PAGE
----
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This means that auditors aren’t always familiar with every nuance of the tax code and so occasionally get things wrong.
For example, you may be keeping a 90-day mileage log, but your IRS auditor may disallow all of your auto expenses because you can’t provide a 12-month mileage log. And the IRS auditor would be wrong.
So how do you fight back and prove you’re right and are entitled to your deductions?
We’ll steer you in the right directions when you read my new article titled Q&A: IRS Auditor Doesn’t Know the 90-Day Mileage Log Rule.
Three ways our fact-filled article can help you:
- You’ll learn what to do first. For starters, you can explain to your friendly auditor that you are using the “90-day sample method” as authorized in the tax code. We’ll provide a link to the relevant citation, as well as additional helpful information, when you Read the article.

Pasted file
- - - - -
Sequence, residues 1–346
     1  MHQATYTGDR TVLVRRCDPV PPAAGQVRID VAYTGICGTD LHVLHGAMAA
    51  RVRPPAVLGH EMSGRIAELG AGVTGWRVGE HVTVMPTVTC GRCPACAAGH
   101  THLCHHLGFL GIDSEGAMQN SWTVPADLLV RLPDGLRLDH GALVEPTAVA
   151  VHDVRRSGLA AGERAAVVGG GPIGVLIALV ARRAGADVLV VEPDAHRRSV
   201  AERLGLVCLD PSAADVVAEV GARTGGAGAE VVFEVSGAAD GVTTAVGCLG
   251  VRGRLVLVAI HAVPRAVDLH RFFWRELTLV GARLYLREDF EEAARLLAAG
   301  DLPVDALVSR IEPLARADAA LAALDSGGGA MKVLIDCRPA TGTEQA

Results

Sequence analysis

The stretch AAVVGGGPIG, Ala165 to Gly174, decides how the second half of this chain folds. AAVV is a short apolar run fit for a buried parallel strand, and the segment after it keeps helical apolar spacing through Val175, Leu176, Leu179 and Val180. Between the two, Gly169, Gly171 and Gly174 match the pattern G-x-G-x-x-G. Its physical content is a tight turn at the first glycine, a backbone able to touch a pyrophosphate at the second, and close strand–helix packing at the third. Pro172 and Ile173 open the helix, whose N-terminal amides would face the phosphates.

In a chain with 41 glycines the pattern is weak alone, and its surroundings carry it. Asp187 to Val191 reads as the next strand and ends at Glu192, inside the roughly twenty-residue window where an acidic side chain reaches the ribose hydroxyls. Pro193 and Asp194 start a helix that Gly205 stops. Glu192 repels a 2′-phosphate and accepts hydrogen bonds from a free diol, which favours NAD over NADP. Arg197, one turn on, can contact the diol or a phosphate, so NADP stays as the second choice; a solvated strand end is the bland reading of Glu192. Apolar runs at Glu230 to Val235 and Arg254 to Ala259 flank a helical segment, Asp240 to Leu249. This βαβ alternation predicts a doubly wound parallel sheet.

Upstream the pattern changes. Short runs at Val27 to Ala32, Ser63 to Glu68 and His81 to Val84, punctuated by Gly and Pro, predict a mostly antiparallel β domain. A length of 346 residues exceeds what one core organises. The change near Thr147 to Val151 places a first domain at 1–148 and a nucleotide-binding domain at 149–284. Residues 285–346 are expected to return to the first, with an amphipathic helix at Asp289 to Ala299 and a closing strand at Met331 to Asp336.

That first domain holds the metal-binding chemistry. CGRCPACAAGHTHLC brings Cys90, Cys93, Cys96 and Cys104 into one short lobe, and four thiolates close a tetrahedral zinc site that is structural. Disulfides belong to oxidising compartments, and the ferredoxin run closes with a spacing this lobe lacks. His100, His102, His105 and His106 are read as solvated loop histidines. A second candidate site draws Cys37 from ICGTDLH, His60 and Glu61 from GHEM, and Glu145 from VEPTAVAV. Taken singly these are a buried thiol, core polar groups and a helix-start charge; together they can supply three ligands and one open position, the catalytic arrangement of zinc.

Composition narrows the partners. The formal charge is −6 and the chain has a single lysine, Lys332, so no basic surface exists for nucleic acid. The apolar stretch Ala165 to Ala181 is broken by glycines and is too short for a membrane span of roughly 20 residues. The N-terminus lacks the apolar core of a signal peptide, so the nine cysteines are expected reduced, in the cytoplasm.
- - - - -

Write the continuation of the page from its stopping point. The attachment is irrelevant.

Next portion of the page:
- We’ll explain the perfectly legal sample-method allowance. The IRS says you may keep an adequate record for part of the tax year and use that part-year record to substantiate your vehicle’s business use for the entire year. In fact, the IRS allows the use of two different sample methods. We’ll tell you which one you should use when Read this article.
- We’ll tell you how to use the 90-day sample method. There are actually four easy-to-understand basics that you should be aware of before you use this strategy. Don’t wait for an audit notice to bone up on the subject. Now is the time to Read this article.
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